The Trump administration will allow no more than 45,000 refugees into the United States next year, officials said, in what would be the lowest admissions level in more than a decade.
U.S. government officials said on a call with reporters Wednesday that the “safety and security of the American people” is the chief concern, CBS News’ Kylie Atwood reports.
“State and DHS have determined that the ceiling of 45,000 refugees is consistent with our foreign policy goals and operational capacity in light of additional security vetting procedures that we are implementing as well as domestic asylum backlogs that DHS is currently facing,” a U.S. government official said.
When asked which foreign policy goals this cap jives with, a U.S. government official noted the safety and security of the American people as the top priority – which means not wanting to let in anyone that would
“endanger the security of America.”
The administration had been considering a ceiling somewhere between 40,000, which the Homeland Security Department recommended, and 50,000, the State Department’s preferred level, according to officials. The new figure appears to be a compromise that Cabinet officials felt would be palatable to the president.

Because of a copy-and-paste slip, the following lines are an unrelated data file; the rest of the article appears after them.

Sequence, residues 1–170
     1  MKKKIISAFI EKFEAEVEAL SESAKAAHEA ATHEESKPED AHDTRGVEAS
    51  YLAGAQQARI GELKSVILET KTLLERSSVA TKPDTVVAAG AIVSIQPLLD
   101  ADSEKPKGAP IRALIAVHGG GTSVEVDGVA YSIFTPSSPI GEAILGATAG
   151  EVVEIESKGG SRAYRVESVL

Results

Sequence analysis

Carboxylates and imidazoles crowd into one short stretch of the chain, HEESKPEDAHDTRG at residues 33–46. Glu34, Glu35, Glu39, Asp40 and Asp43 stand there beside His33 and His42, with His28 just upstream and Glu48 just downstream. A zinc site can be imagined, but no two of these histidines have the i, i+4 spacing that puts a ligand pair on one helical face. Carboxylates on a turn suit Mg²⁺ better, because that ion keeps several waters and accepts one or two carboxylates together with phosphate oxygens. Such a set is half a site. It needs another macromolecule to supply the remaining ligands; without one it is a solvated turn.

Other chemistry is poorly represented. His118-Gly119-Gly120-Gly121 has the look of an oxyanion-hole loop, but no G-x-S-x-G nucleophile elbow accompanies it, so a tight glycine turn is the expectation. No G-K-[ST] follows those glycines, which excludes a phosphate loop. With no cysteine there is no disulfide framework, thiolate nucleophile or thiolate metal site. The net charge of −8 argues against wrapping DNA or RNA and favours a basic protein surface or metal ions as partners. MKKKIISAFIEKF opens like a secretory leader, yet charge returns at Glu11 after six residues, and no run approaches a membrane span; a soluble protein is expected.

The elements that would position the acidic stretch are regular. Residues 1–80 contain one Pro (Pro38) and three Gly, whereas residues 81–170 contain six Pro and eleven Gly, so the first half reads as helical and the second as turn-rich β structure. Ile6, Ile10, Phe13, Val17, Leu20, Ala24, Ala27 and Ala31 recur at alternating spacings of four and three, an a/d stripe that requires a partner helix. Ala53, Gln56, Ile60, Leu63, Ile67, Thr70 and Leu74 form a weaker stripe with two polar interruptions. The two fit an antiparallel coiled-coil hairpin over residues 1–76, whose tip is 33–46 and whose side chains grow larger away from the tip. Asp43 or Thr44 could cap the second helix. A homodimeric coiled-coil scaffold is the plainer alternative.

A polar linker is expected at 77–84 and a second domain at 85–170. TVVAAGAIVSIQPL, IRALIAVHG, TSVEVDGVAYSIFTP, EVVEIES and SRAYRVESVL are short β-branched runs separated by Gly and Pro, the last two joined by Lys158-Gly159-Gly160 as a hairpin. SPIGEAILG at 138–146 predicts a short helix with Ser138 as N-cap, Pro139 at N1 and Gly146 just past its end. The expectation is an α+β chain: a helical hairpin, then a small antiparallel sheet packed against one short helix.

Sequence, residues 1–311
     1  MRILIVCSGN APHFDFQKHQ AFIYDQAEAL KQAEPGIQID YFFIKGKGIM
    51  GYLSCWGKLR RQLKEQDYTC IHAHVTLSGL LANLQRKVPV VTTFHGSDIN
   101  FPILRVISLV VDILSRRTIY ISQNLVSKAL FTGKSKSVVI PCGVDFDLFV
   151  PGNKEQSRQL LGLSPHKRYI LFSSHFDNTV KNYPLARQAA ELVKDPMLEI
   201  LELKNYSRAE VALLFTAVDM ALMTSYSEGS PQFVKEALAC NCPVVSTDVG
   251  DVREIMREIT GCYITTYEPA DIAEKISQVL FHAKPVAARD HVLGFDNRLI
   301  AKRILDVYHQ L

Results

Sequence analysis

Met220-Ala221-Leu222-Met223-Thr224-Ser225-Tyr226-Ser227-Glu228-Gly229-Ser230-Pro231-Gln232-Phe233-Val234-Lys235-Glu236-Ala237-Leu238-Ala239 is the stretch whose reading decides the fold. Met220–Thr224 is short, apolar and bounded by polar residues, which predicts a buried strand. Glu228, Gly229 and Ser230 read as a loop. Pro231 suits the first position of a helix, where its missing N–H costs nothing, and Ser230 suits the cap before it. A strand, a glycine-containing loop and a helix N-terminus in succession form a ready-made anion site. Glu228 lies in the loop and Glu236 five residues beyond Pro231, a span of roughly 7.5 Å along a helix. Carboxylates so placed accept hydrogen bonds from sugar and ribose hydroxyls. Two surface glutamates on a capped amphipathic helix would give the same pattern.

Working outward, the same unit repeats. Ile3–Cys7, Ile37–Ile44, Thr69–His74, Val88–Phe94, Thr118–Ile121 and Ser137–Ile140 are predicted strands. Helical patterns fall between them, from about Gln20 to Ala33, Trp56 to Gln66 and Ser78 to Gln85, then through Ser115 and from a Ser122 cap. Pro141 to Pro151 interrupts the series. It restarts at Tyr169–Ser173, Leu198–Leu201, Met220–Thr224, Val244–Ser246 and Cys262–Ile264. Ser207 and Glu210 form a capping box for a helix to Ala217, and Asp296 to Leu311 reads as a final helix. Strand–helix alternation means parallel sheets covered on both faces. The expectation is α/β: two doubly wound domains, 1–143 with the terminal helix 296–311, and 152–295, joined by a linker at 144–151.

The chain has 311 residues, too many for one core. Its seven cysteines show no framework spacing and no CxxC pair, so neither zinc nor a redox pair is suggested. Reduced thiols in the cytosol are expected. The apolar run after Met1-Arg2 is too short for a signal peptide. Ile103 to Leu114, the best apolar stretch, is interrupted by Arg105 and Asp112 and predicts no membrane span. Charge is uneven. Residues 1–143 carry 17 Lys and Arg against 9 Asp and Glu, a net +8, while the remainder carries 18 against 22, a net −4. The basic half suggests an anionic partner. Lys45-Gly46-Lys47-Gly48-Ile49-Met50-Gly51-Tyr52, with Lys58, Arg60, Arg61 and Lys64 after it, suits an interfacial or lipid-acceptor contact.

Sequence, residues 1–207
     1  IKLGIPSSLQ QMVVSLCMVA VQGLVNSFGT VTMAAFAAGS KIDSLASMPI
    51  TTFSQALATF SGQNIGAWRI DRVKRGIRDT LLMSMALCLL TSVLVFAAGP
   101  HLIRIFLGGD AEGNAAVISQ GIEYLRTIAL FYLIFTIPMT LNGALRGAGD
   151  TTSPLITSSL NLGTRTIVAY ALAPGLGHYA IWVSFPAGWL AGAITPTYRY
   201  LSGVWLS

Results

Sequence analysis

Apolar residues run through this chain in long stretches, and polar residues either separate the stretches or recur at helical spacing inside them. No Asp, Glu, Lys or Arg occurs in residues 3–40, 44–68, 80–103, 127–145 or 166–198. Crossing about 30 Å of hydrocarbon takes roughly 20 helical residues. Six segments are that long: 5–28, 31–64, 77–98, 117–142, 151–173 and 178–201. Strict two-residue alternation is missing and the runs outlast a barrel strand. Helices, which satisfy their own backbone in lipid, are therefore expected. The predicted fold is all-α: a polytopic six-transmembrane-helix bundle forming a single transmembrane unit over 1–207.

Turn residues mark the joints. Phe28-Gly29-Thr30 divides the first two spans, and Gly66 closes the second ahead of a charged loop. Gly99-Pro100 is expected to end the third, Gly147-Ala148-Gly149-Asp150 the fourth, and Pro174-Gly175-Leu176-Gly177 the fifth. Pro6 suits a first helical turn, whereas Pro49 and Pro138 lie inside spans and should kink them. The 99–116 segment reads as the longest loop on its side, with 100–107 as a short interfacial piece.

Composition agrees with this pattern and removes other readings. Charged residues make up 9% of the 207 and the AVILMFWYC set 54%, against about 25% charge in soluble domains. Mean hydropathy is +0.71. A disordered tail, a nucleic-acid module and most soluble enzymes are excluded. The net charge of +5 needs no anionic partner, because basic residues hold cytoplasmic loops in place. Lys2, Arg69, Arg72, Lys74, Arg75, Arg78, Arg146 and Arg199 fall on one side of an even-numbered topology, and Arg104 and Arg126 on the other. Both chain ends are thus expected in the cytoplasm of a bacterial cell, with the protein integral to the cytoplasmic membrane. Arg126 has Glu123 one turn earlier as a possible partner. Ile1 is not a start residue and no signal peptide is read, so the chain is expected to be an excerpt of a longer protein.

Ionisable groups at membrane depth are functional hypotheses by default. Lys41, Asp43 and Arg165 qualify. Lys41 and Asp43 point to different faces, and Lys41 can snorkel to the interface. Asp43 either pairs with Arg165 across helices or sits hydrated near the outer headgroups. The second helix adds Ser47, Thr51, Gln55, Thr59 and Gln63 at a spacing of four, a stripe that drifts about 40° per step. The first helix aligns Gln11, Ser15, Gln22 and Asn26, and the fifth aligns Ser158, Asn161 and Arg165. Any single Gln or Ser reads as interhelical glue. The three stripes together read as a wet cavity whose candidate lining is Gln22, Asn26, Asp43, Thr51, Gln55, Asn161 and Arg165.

Refugee admissions will not be directly correlated to the countries currently listed in Mr. Trump’s latest ban on travelers from Chad, Iran, Libya, North Korea, Somalia, Syria, Venezuela and Yemen. The 120-day review of the refugee program is looking at every country individually, so country-by-country determinations are yet to be made. That will happen after the administration’s 120-day review of the refugee program concludes on October 24.
There will be caps set for individual regions. Refugees from Latin America and the Caribbean, which is currently struggling after a deadly hurricane season, would be capped at 1,500. There would be 2,000 people let in from Europe and Central Asia. Refugees from Africa would be capped at 19,000, South Asia at 17,000, and 5,000 from East Asia.
Still, Mr. Trump’s stated hostility to accepting refugees, and opposition among others in his administration, mean the U.S. may not intend to fill all 45,000 slots in the 2018 fiscal year that starts Sunday. The U.S. hasn’t taken in so few refugees in a single year since 2006, when 41,223 were allowed entry.
“That’s not our goal to slow roll it. We have every plan to process as many refugees as we can under the ceiling,” said a U.S. government official, who noted…